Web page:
Treasure Valley Prays

The Graceful Exit

packing boxes

Even though it’s been a month since I announced my retirement, the reality of leaving my pastoral call and ending my professional career hasn’t quite sunk in. Yet after preaching my last sermon this past Sunday, it’s becoming more real. Since then, I’ve begun saying goodbyes through phone calls, Zoom meetings and socially distanced visits. I’ve also turned my attention to tying up loose ends in preparation for the next pastor, along with starting to pack up my office.

But packing up my office isn’t just putting books and files in boxes. It’s been sorting through them carefully, deciding what to keep and what to let go of. Along with reliving all the memories they bring up for me: the happy times recalling a class that I taught, a sermon I preached, a child I baptized; and the not so happy times from certain Council meetings or in difficult relationships. Going through all this stuff has brought up a sense of accomplishment for what we’ve done, and also regrets for what’s been left undone. With the reminder that saying goodbye to a community and a life’s work that I have loved is not easy.

What’s been helpful to me is putting my story within the larger story of God. In this case, the story of Simeon and Anna who are characters in the Christmas story. As told in Luke 2:22-38, these two seniors have been waiting for the Messiah, praying in the temple for his coming. Once they laid eyes on him after his birth, they knew God’s promise had been fulfilled. Now, as Simeon said, he could die in peace “for my eyes have seen your salvation, and the glory of your people Israel.”

In her book The Graceful Exit, author Mary C. Lindberg interprets this biblical story in a way which speaks to me deeply right now.

Apparently God’s plan all along was that endings would be part of life for God’s people. Simeon didn’t get to stay with Jesus and watch him grow. As relationships change and we grow older, we finally begin to see what Jesus means for the world, and then we face the pain of walking away, of separation from beloved communities. But God shows us endings can actually fulfill promises. Simeon and Anna waited their whole lives, trusting in God’s promises. Why could they go out the door gracefully? Because God kept the promise that sustained so many people. Because this sighting of God carried Anna and Simeon, and those who surrounded them all the way to the next sighting.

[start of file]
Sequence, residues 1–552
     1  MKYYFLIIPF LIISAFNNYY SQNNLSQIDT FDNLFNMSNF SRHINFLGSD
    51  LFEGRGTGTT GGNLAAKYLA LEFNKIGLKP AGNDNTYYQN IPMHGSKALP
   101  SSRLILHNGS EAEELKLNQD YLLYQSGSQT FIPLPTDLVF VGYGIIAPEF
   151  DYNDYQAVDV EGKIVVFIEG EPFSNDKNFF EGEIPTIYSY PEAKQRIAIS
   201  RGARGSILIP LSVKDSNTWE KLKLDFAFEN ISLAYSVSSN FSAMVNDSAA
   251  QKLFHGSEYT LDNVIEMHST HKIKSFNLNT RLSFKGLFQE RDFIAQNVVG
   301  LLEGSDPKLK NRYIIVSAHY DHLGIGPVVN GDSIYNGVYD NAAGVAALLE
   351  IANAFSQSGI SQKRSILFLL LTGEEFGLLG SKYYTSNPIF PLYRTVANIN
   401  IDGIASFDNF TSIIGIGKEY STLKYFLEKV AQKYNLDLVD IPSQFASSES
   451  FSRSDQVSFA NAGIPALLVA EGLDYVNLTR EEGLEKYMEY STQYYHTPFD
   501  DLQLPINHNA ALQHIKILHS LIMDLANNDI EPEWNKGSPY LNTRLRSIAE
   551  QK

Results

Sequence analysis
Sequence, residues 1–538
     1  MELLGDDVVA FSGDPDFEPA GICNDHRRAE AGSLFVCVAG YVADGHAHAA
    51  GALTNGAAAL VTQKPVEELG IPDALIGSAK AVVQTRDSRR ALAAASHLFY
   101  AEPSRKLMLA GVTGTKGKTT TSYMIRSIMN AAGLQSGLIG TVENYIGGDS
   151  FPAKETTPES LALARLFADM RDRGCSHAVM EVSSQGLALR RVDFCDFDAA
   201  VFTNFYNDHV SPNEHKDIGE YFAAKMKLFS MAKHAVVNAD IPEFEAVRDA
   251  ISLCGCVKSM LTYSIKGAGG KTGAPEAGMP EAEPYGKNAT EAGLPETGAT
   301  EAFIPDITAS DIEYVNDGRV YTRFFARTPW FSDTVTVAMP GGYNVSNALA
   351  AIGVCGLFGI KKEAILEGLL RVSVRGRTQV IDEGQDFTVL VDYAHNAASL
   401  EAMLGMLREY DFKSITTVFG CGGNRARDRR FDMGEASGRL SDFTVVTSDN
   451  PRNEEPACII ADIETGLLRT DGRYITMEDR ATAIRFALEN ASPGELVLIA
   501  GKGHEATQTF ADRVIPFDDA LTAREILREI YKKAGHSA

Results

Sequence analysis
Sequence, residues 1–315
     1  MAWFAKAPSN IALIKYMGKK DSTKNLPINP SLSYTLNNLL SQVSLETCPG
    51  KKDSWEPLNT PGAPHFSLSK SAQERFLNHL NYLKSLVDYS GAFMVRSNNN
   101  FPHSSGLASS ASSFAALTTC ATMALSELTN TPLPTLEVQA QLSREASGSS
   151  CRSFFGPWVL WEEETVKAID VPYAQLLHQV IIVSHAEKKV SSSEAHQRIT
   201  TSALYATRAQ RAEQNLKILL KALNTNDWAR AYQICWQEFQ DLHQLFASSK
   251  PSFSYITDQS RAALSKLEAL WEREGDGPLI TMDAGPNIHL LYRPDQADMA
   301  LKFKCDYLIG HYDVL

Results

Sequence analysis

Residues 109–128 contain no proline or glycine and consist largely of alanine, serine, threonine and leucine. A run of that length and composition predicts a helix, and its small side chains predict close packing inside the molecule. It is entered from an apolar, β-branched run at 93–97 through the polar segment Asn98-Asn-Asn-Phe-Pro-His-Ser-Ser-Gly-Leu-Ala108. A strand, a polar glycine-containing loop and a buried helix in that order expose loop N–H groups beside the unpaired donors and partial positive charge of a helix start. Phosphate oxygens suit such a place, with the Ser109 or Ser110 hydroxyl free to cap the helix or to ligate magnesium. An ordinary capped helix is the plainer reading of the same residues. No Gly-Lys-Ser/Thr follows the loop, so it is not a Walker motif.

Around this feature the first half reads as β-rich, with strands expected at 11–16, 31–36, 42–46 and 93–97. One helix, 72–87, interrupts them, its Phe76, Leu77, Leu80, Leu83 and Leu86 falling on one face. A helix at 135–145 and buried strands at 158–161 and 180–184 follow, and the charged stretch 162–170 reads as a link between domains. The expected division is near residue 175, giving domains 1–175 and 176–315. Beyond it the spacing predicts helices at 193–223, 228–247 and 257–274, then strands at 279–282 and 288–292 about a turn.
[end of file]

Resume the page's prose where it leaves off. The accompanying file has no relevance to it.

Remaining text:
On Ash Wednesday we were reminded of the ending we all face, “remember you are dust and to dust you shall return.” And yet we also remember that it was the dust of the earth from which humans were created and formed as God breathed life into us. Dust may be our ending, but it was also our beginning. That’s the crux of our faith as Christians. Through death comes resurrection. In baptism we die with Christ so that we may live with Christ. This is the promise that sustains us all the way to our next sighting of God’s presence with us.

Even though goodbyes are hard, I take heart in the truth that every ending leads to a new beginning. And that all that has been and all that will be is held in God’s loving hands.

Gretchen Bingea

Gretchen Bingea

ELCA Pastor
Immanuel Lutheran, Boise, ID

This Post Has 13 Comments

  1. johnstevenhergert

    Thanks Gretchen for your words, your insights, your caring spirit for your community of faith! Peace to you as you and Will move into your next experience.

    1. Gretchen Bingea

      Thanks John. I’m glad that we’re staying in the area so I’ll still see you around!

  2. Linda Worden

    Gretchen, I’ve enjoyed reading your posts over the past year. Best wishes in the next stage of your journey!

  3. Gretchen Bingea

    Thank you so much Linda!

  4. Lynnette

    Thank you for reminding me of God sightings and trusting in His promises. God’s peace be yours.

    1. Gretchen Bingea

      God’s peace to you and the Immanuel community, Lynnette.

  5. Jim Grunow

    Nice piece here from my pastor. “Every ending leads to a new beginning”–much wisdom and truth in those words. All I can say to you with a tear or two in my eyes–well done thou good and faithful servant!! You are leaving us with such honesty, grace, and hope. Blessings to you and Will in your continuing life together!!

    1. Gretchen Bingea

      Thank you Jim! I appreciate your kind words and blessing for our future.

  6. Jan Gieselman

    Thank you for your spiritual guidance, Pastor, and to Will for sharing his gifts with Immanuel over these past 5 years. Although you will be missed, congratulations are in order, along with all good wishes for the new journey of retirement!

    1. Gretchen Bingea

      Thanks so much Jan! You and Les have been such a support to us and we will miss you.

  7. Anna Boyer

    I’m sorry my family and I didn’t get to spend more time under your leadership. We look forward to joining the church after the pandemic. All the best in your retirement!

    1. Gretchen Bingea

      Thank you Anna! I’m sorry our time together was so short, too, but I know you will find a welcoming church family at Immanuel.

  8. Jack Kouloheris

    Hi Gretchen,
    I stumbled across this post when looking for where you were today.
    I remember you from when you were a pastoral intern at UniLu in Palo Alto.
    It’s so surprising to read about your retirement!

    Thank you so much for your ministry – it was very meaningful to me when I was a student there.

    All the best to you and your family.

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